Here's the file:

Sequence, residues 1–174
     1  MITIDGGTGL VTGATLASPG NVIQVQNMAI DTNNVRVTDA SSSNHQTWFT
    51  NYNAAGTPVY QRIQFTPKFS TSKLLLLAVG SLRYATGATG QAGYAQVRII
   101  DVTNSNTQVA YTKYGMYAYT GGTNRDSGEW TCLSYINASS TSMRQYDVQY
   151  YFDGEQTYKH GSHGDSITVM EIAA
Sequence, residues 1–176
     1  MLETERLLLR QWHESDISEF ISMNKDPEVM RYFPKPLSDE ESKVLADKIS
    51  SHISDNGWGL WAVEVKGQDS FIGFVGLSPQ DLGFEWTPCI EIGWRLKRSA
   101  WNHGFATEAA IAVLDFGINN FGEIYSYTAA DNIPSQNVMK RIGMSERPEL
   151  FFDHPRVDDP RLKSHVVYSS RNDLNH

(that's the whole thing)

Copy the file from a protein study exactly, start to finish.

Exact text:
Sequence, residues 1–174
     1  MITIDGGTGL VTGATLASPG NVIQVQNMAI DTNNVRVTDA SSSNHQTWFT
    51  NYNAAGTPVY QRIQFTPKFS TSKLLLLAVG SLRYATGATG QAGYAQVRII
   101  DVTNSNTQVA YTKYGMYAYT GGTNRDSGEW TCLSYINASS TSMRQYDVQY
   151  YFDGEQTYKH GSHGDSITVM EIAA
Sequence, residues 1–176
     1  MLETERLLLR QWHESDISEF ISMNKDPEVM RYFPKPLSDE ESKVLADKIS
    51  SHISDNGWGL WAVEVKGQDS FIGFVGLSPQ DLGFEWTPCI EIGWRLKRSA
   101  WNHGFATEAA IAVLDFGINN FGEIYSYTAA DNIPSQNVMK RIGMSERPEL
   151  FFDHPRVDDP RLKSHVVYSS RNDLNH